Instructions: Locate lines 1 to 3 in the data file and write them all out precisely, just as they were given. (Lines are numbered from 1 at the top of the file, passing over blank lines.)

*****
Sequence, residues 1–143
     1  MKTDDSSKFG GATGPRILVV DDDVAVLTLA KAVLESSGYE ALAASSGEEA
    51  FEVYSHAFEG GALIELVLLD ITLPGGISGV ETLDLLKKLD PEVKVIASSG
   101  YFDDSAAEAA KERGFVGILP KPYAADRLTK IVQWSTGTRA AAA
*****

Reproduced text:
Sequence, residues 1–143
     1  MKTDDSSKFG GATGPRILVV DDDVAVLTLA KAVLESSGYE ALAASSGEEA
    51  FEVYSHAFEG GALIELVLLD ITLPGGISGV ETLDLLKKLD PEVKVIASSG